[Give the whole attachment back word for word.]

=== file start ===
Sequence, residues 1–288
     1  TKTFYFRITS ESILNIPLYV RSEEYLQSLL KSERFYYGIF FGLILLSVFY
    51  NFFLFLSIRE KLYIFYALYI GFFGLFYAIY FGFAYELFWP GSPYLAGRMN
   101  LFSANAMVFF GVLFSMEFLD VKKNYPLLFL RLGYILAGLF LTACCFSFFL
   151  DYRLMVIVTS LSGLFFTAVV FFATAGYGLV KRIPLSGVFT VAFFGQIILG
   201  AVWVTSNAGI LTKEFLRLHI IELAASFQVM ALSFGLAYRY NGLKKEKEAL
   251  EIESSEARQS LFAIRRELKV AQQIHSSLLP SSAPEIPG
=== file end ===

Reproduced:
Sequence, residues 1–288
     1  TKTFYFRITS ESILNIPLYV RSEEYLQSLL KSERFYYGIF FGLILLSVFY
    51  NFFLFLSIRE KLYIFYALYI GFFGLFYAIY FGFAYELFWP GSPYLAGRMN
   101  LFSANAMVFF GVLFSMEFLD VKKNYPLLFL RLGYILAGLF LTACCFSFFL
   151  DYRLMVIVTS LSGLFFTAVV FFATAGYGLV KRIPLSGVFT VAFFGQIILG
   201  AVWVTSNAGI LTKEFLRLHI IELAASFQVM ALSFGLAYRY NGLKKEKEAL
   251  EIESSEARQS LFAIRRELKV AQQIHSSLLP SSAPEIPG